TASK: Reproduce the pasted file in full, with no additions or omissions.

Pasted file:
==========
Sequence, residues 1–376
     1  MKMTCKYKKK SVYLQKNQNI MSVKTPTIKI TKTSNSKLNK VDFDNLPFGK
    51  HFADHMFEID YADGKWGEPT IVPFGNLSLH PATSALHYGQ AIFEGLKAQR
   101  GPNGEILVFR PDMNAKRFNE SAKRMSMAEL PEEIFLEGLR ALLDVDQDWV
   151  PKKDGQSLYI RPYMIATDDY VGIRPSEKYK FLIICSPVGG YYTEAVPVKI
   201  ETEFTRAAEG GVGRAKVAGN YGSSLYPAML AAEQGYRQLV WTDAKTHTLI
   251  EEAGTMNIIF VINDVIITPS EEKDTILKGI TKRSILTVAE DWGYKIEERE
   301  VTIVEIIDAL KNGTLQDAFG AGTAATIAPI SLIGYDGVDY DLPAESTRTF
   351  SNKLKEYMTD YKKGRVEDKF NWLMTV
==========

Sequence, residues 1–376
     1  MKMTCKYKKK SVYLQKNQNI MSVKTPTIKI TKTSNSKLNK VDFDNLPFGK
    51  HFADHMFEID YADGKWGEPT IVPFGNLSLH PATSALHYGQ AIFEGLKAQR
   101  GPNGEILVFR PDMNAKRFNE SAKRMSMAEL PEEIFLEGLR ALLDVDQDWV
   151  PKKDGQSLYI RPYMIATDDY VGIRPSEKYK FLIICSPVGG YYTEAVPVKI
   201  ETEFTRAAEG GVGRAKVAGN YGSSLYPAML AAEQGYRQLV WTDAKTHTLI
   251  EEAGTMNIIF VINDVIITPS EEKDTILKGI TKRSILTVAE DWGYKIEERE
   301  VTIVEIIDAL KNGTLQDAFG AGTAATIAPI SLIGYDGVDY DLPAESTRTF
   351  SNKLKEYMTD YKKGRVEDKF NWLMTV